Crisis issues affecting a company’s reputation come at a high cost to businesses, eating the time of CEOs and taking about 15 months to get past the problem.
Increased media and government scrutiny and reduced employee morale often accompany reputation damaging events.
And in today’s world of messages going viral via social media, even a small problem can grow into a major one overnight.
So it’s no surprise that nearly two-thirds of global chief communications officers (CCOs) say that crisis management experience is today’s prerequisite for success.
These findings come from the annual survey, The Rising CCO IV, conducted by global executive search firm Spencer Stuart and global public relations firm Weber Shandwick, and are nearly twice what they were since the annual survey started in 2007.
More than 70 percent of global chief communications officers report that their companies experienced a threat to their reputations in the past two years, so they say improving corporate reputation is their highest priority.
“The global business events of the past few years have demonstrated in stark clarity the cost of damage to a corporate reputation,” said George Jamison, who leads Spencer Stuart’s Corporate Communications business. “As a result, experience in crisis management is essentially a mandatory requirement for CCOs today. As our 2012 research shows, crises take time to fade and CEOs are right in wanting the best talent with them in the bunker when they find themselves in the media and political spotlight.”
Social Media Helps Crisis Resolution
Forty percent of global CCOs say they are prepared to manage a social media threat to their reputation today compared to 33 percent in 2010 and social media is the fastest-growing communications tool for CCOs in all regions.
However, social media is not the root of all crises today that CCOs must deal with. Nearly one-half of CCOs (46 percent) whose companies suffered a crisis in the past two years said that social media did not play a role in the crisis, and only seven percent said the crisis began in social media.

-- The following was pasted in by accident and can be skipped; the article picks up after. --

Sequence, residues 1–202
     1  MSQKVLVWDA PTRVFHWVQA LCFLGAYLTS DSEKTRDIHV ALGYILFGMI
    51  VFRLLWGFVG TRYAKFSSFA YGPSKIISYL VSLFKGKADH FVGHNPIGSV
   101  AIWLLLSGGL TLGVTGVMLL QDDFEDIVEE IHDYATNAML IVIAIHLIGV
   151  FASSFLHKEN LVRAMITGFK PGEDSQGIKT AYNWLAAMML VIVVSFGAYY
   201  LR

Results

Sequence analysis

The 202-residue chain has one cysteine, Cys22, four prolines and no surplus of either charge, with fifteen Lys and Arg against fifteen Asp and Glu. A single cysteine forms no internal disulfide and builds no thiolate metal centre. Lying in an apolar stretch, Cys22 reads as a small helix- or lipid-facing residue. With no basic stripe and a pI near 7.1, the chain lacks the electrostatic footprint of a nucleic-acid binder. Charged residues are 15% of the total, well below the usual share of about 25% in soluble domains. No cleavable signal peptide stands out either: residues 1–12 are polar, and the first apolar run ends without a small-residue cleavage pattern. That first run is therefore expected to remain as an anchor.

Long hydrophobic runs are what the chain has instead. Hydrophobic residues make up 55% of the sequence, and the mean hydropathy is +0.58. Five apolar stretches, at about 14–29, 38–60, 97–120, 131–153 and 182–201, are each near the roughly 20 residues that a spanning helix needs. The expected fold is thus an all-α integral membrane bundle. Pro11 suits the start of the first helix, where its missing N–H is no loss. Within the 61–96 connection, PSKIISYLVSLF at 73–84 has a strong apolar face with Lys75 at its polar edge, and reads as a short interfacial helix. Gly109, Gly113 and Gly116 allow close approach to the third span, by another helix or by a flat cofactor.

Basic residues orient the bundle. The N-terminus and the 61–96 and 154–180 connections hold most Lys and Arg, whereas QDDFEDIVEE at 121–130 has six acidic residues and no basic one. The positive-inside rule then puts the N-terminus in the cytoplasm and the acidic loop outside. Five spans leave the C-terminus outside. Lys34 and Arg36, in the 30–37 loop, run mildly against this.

However, when social media was involved in a crisis-making event, CCOs said it was more likely to help resolve the crisis than make it worse (34 percent vs. 22 percent, respectively).
“In 2012′s Rising CCO survey, social media is expected to grow dramatically and have a tremendous impact on corporate communications department budgets,” said Weber Shandwick’s Chief Reputation Strategist Dr. Leslie Gaines-Ross.
“It is encouraging to see that global CCOs are embracing social media’s ability to temper a crisis and consequently diminish additional reputation loss.”
Nearly eight in 10 global CCOs (76 percent) believe that corporate social responsibility (CSR) is critical to safeguarding reputation. For this reason, approximately one-half (52 percent) of global CCOs say the need for a dedicated CSR communications professional is growing and nearly four in 10 (38 percent) have either hired individuals with CSR communications expertise during the past year or plan to hire such individuals over the course of the next year.
How are CCOs judged?
How are CCOs judged? The leading metrics for gauging CCOs and their communications effectiveness are positive media coverage (80 percent) and employee satisfaction/engagement (79 percent). Notably, employee satisfaction has risen dramatically in importance since 2007 (from 61 percent in 2007 to 79 percent in 2012).
- North American CCOs feel they are the most prepared to deal with a social media threat to their companies’ reputations.
- Each region is dealing with a different top expectation from senior management. In North America, CCOs are expected to be on top of social media, in Europe it is corporate reputation and in APAC it is media coverage sentiment or favorability.
- All three regions rank media coverage favorability and employee engagement as top criteria for evaluating communications effectiveness. However, North Americans also weigh in the CEO’s opinion, European CCOs regard quantitative awareness and attitudinal data highly important and APAC CCOs take into consideration awards and recognition.
- North American CCOs do not seem to be ramping up their departments for communicating their corporate responsibility initiatives to the same extent as European or APAC CCOs.
- Most business leaders believe internal culture drives corporate reputation
- CMOs and CCOs battle over who owns social, but can learn from each other
- Social media reputation a blind spot for too many top executives
- Company reputations affected by the CEO’s
- CEOs growing increasingly social online, study says
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